Failover and attached network equipment

It normally takes a cluster approximately 6 seconds to complete a failover. However, the actual failover time may depend on how quickly the switches connected to the cluster interfaces accept the cluster MAC address update from the primary unit. If the switches do not recognize and accept the gratuitous ARP packets and update their MAC forwarding table, the failover time will increase.

Also, individual session failover depends on whether the cluster is operating in active-active or active-passive mode, and whether the content of the traffic is to be virus scanned. Depending on application behavior, it may take a TCP session a longer period of time (up to 30 seconds) to recover completely.

 

Ethertype conflicts with third-party switches

Some third-party network equipment may use packets with Ethertypes that are the same as the ethertypes used for HA heartbeat packets. For example, Cisco N5K/Nexus switches use Ethertype 0x8890 for some functions. When one of these switches receives Ethertype 0x8890 heartbeat packets from an attached cluster unit, the switch generates CRC errors and the packets are not forwarded. As a result, FortiGate units connected with these switches cannot form a cluster.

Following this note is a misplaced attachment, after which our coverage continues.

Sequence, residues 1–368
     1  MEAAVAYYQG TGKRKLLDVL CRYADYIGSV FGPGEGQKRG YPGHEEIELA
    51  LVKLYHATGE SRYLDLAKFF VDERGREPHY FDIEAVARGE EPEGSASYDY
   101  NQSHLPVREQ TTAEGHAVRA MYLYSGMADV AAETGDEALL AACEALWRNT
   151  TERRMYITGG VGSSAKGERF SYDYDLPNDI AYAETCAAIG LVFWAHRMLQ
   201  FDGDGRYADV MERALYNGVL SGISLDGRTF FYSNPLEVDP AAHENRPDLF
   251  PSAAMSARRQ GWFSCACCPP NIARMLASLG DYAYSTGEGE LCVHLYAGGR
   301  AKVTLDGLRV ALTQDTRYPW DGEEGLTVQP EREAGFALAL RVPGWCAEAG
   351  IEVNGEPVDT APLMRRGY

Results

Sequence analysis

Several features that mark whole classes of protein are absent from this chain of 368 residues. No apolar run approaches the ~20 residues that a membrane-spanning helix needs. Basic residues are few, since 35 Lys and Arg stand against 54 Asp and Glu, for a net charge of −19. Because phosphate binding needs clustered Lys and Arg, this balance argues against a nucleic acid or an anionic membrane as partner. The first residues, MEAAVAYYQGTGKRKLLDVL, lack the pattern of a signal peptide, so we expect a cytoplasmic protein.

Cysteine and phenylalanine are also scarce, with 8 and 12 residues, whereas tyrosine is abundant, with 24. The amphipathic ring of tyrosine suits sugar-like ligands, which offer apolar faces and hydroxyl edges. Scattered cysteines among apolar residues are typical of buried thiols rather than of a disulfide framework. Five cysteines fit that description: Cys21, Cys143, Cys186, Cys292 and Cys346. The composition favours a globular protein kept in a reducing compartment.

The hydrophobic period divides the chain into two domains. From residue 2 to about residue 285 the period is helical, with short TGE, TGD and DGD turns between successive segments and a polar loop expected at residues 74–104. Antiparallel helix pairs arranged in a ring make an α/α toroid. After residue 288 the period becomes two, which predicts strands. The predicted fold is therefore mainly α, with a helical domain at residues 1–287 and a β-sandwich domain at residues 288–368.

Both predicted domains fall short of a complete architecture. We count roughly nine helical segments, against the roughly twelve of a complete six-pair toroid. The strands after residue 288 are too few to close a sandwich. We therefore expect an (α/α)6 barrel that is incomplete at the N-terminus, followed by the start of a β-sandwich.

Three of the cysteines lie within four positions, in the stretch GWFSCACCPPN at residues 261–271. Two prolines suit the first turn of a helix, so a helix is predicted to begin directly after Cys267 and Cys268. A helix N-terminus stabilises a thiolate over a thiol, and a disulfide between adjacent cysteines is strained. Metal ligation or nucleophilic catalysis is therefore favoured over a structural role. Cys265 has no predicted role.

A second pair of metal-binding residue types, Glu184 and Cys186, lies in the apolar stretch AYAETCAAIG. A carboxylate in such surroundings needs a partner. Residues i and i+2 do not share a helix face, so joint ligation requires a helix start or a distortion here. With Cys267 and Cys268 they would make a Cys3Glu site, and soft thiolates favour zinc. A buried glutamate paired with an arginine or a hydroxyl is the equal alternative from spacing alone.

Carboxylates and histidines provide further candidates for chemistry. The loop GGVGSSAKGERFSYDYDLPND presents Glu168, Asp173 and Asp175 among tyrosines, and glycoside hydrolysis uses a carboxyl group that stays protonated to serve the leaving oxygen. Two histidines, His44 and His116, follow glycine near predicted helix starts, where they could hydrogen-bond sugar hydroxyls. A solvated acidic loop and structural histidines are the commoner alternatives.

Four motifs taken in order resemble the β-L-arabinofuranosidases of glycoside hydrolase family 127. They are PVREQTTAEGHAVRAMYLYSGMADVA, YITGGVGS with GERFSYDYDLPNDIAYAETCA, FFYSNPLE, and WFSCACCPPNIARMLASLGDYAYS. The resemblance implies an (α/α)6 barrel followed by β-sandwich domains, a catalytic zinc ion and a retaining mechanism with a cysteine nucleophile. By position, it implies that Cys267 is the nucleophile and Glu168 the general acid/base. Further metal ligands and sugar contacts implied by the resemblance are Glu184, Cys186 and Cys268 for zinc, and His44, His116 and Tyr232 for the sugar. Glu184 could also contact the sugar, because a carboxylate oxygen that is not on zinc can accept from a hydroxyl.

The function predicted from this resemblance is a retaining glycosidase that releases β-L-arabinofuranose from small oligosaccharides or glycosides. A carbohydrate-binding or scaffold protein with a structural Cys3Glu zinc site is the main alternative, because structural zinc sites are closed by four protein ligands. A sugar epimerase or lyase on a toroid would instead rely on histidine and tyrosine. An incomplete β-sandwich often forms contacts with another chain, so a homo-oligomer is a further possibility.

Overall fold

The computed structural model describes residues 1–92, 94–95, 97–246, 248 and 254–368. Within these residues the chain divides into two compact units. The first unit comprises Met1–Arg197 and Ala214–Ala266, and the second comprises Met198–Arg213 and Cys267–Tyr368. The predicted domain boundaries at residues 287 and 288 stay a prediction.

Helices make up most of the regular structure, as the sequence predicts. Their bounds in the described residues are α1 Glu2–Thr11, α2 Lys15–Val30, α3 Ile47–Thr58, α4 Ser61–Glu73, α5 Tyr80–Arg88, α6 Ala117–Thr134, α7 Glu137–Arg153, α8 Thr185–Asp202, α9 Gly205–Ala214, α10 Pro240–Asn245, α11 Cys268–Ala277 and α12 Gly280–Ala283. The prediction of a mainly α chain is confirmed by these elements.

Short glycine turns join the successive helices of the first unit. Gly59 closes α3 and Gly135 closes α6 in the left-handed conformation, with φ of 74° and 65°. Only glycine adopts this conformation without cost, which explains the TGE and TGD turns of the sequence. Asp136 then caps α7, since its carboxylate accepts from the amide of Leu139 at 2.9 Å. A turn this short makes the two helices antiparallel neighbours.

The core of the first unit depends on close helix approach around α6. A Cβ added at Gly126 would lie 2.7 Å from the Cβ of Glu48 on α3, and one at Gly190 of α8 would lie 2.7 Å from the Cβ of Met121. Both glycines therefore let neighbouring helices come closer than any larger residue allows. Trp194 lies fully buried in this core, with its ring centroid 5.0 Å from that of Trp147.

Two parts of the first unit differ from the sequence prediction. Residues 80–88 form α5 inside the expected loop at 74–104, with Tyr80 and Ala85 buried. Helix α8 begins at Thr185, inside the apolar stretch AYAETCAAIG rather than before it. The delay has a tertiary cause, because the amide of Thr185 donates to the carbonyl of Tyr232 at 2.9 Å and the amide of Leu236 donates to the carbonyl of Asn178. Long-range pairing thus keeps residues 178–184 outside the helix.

In some cases, if the heartbeat interfaces are connected and configured so regular traffic flows but heartbeat traffic is not forwarded, you can change the configuration of the switch that connects the HA heartbeat interfaces to allow level2 frames with Ethertypes 0x8890, 0x8893, and 0x8891 to pass.

You can also use the following CLI commands to change the Ethertypes of the HA heartbeat packets:

config system ha

set ha-eth-type <ha_ethertype_4-digit_hex>

set hc-eth-type <hc_ethertype_4-digit_hex>

set l2ep-eth-type <l2ep_ethertype_4-digit_hex>

end

For more information, see Heartbeat packet Ethertypes on page 1504.

 

LACP, 802.3ad aggregation and third-party switches

If a cluster contains 802.3ad aggregated interfaces you should connect the cluster to switches that support configuring multiple Link Aggregation (LAG) groups.

The primary and subordinate unit interfaces have the same MAC address, so if you cannot configure multiple LAG groups a switch may place all interfaces with the same MAC address into the same LAG group; disrupting the operation of the cluster.

You can change the FortiGate configuration to prevent subordinate units from participating in LACP negotiation. For example, use the following command to do this for an aggregate interface named Port1_Port2:

config system interface edit Port1_Port2

set lacp-ha-slave disable end

This configuration prevents the subordinate unit interfaces from sending or receiving packets. Resulting in the cluster not being able to operate in active-active mode. As well, failover may be slower because after a failover the new primary unit has to perform LACP negotiation before being able to process network traffic.

For more information, see Example: FGCP configuration examples and troubleshooting on page 1354.